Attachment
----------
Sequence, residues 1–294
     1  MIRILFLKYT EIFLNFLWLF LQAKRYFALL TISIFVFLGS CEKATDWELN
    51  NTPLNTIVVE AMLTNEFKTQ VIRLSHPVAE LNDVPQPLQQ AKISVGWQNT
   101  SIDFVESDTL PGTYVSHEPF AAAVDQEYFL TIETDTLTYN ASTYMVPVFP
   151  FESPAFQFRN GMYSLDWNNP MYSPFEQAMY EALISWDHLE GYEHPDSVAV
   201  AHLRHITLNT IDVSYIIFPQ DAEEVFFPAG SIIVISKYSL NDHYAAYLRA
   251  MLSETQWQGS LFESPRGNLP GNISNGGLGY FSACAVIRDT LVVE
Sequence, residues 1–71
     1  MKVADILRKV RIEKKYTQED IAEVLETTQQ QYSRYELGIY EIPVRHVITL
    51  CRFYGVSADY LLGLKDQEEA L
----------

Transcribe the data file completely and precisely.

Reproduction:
Sequence, residues 1–294
     1  MIRILFLKYT EIFLNFLWLF LQAKRYFALL TISIFVFLGS CEKATDWELN
    51  NTPLNTIVVE AMLTNEFKTQ VIRLSHPVAE LNDVPQPLQQ AKISVGWQNT
   101  SIDFVESDTL PGTYVSHEPF AAAVDQEYFL TIETDTLTYN ASTYMVPVFP
   151  FESPAFQFRN GMYSLDWNNP MYSPFEQAMY EALISWDHLE GYEHPDSVAV
   201  AHLRHITLNT IDVSYIIFPQ DAEEVFFPAG SIIVISKYSL NDHYAAYLRA
   251  MLSETQWQGS LFESPRGNLP GNISNGGLGY FSACAVIRDT LVVE
Sequence, residues 1–71
     1  MKVADILRKV RIEKKYTQED IAEVLETTQQ QYSRYELGIY EIPVRHVITL
    51  CRFYGVSADY LLGLKDQEEA L